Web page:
The mushroom cultivator. A practical guide to growing mushrooms at home

Paul Stamets. The mushroom cultivator. A practical guide to growing mushrooms at home. - Agarikon press, 1983

Содержание

FOREWORD by Dr. Andrew Weil

PREFACE

I. INTRODUCTION TO MUSHROOM CULTURE

II. STERILE TECHNIQUE AND AGAR CULTURE

III. GRAIN CULTURE

IV. THE MUSHROOM GROWING ROOM

V. COMPOST PREPARATION

VI. NON-COMPOSTED SUBSTRATES

VII. SPAWNING AND SPAWN RUNNING IN BULK SUBSTRATES

VIII. THE CASING LAYER

IX. STRATEGIES FOR MUSHROOM FORMATION (PINHEAD INITIATION)

X. ENVIRONMENTAL FACTORS: SUSTAINING THE MUSHROOM CROP

XL GROWING PARAMETERS FOR VARIOUS MUSHROOM SPECIES

XII. CULTIVATION PROBLEMS AND THEIR SOLUTIONS: A TROUBLESHOOTING GUIDE

XIII. THE CONTAMINANTS OF MUSHROOM CULTURE: IDENTIFICATION AND CONTROL

XIV. THE PESTS OF MUSHROOM CULTURE

XV. MUSHROOM GENETICS

APPENDICES

GLOSSARY

BIBLIOGRAPHY

INDEX

PHOTOGRAPHY AND ILLUSTRATION CREDITS

ACKNOWLEDGEMENTS

OCR
The Contaminants of Mushroom Culture/255

STREPTOMYCES
Class: Actinomyces
Order: Actinomyce ta/es
Family: Streptomycetaceae

Common Name: Firefang.
Greek Root: From "strepto" meaning
twisted and "myces" or fungus, in reference
to the twisting and branching filaments that
give rise to spores.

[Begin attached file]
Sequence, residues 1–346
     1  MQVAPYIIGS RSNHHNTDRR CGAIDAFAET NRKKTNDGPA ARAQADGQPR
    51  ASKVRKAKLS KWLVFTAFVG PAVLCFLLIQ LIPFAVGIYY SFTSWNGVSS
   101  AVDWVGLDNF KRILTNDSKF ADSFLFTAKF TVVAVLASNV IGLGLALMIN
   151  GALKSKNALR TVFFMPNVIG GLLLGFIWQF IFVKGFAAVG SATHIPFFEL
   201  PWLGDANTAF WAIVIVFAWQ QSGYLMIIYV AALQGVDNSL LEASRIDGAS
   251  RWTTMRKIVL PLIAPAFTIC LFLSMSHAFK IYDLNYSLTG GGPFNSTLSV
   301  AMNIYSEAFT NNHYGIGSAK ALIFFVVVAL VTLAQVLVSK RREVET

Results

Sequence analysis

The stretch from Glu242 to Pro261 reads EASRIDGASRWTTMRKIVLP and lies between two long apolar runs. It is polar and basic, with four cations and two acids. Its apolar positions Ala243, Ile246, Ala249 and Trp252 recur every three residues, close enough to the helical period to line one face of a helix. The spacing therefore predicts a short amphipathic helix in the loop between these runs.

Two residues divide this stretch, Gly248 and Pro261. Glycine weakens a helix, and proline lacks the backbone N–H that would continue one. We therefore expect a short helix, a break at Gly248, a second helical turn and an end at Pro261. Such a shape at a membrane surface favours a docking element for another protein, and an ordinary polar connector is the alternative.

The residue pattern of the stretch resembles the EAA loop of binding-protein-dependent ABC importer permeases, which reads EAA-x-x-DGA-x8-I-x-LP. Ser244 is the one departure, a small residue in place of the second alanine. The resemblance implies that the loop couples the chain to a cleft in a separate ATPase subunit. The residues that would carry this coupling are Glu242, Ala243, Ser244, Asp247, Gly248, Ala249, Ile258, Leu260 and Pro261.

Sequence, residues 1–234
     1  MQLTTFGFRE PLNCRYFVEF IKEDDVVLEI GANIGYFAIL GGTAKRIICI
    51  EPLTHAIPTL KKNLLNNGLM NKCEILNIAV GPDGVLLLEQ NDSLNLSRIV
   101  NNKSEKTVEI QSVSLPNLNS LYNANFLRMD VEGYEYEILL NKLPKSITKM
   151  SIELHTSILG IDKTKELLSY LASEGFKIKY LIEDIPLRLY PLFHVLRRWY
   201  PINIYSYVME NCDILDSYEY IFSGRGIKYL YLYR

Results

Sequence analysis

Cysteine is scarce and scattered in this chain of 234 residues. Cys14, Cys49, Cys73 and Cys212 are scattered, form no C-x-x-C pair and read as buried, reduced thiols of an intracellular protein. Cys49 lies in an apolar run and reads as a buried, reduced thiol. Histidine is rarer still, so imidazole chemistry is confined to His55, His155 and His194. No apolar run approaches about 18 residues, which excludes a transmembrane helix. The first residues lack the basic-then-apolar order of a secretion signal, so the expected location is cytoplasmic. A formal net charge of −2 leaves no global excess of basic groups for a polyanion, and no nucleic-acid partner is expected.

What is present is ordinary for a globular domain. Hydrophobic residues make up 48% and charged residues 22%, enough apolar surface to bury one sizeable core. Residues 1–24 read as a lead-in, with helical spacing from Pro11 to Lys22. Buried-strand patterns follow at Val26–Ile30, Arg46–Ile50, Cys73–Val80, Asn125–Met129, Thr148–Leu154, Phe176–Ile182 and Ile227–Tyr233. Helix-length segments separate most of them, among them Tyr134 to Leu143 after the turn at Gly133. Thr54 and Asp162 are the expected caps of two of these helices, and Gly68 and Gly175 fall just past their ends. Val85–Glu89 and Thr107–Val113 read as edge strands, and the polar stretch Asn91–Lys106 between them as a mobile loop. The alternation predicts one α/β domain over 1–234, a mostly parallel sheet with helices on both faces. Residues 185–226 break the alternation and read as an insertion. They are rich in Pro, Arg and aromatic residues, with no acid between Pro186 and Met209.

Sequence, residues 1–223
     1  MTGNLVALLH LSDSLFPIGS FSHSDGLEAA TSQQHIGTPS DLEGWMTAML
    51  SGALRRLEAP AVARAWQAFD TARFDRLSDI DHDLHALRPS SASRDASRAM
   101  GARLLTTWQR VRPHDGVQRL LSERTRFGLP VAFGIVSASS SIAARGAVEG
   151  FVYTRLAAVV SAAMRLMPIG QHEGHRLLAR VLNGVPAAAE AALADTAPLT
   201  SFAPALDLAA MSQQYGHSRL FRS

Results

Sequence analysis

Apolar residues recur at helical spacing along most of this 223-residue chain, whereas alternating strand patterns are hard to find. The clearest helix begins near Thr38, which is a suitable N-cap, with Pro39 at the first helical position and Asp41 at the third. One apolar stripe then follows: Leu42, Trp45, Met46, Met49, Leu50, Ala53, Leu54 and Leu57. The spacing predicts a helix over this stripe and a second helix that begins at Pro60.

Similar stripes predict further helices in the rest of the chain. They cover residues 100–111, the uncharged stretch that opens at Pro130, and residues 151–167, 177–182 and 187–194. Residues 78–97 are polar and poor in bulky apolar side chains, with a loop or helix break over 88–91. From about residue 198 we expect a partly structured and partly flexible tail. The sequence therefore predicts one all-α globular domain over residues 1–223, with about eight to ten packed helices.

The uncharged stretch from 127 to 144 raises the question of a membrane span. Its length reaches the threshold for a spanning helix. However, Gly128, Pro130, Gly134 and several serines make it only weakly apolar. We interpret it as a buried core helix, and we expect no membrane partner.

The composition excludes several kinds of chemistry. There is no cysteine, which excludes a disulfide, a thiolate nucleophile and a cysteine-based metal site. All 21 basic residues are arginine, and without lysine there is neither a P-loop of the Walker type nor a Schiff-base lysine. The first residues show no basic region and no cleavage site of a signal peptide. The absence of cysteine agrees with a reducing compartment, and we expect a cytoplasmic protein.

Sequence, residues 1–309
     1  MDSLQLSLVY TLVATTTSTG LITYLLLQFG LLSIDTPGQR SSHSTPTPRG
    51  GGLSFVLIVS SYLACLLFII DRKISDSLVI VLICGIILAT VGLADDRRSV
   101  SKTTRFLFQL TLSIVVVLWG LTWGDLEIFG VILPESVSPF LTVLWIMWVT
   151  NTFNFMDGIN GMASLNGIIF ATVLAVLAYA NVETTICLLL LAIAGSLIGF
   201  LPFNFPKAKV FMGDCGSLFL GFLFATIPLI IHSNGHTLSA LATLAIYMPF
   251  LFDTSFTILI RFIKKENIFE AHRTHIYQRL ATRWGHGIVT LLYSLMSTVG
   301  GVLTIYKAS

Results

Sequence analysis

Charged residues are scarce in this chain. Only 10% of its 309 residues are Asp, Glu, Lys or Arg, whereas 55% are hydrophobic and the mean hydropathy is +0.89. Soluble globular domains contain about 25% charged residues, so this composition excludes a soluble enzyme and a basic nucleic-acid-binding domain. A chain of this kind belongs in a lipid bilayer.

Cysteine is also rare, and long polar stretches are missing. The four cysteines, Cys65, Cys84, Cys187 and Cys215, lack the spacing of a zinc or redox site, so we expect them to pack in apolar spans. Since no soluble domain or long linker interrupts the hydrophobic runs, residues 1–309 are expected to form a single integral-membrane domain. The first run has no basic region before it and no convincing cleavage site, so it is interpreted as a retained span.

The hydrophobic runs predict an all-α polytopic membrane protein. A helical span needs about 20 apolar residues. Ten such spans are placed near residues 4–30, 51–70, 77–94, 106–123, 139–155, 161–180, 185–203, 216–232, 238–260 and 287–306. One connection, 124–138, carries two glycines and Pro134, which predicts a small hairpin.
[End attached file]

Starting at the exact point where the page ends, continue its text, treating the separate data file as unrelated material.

Habitat & Frequency of Occurrence: Ubiquitous on straw, manures and soil. Streptomyces is a predominant microoganism in the

compost pile, thriving between 115-135°F.
and preferring aerobic zones.

Medium Through Which Contamination
Is Spread: Primarily air; secondarily from
materials used in composting. Streptomyces
are naturally present in all soils.

Figure 186

Drawing of spore producing

cells of Streptomyces.

Measures of Control: Generally no controls are necessary during compost preparation, nor desired.
General hygienic practices prevent this bacterium from becoming a problem contaminant in the laboratory.

Macroscopic Appearance: Grayish to whitish specked colonies, readily apparent on composted
straw. On grain, Streptomyces has a delicate whitish mycelium and is powdery in form.

Microscopic Characteristics: Composed of an extensive, fine hyphal network, often branching,
coiied and twisted. The hyphae in Streptomyces do not fragment into spores as in Actinomyces but
form a chain-like structure of aerial hyphae called a sporophore from which cells evolve terminally.
The filamentous hyphae and spores measure only 1 micron in diameter. Within each cell, no well defined nucleus is discernible. Streptomyces lack differentiated spore-producing bodies. hs spores are
smooth or spiny.

History, Use, and/or Medical Implications: Streptomyces represents 80% of all actinomycetes
which inhabit mushroom compost and is selected for its beneficial properties during Phase II. (See
Chapter V).
Streptomyces griseus is the source of the antibiotic streptomycin, first discovered by Waksman in

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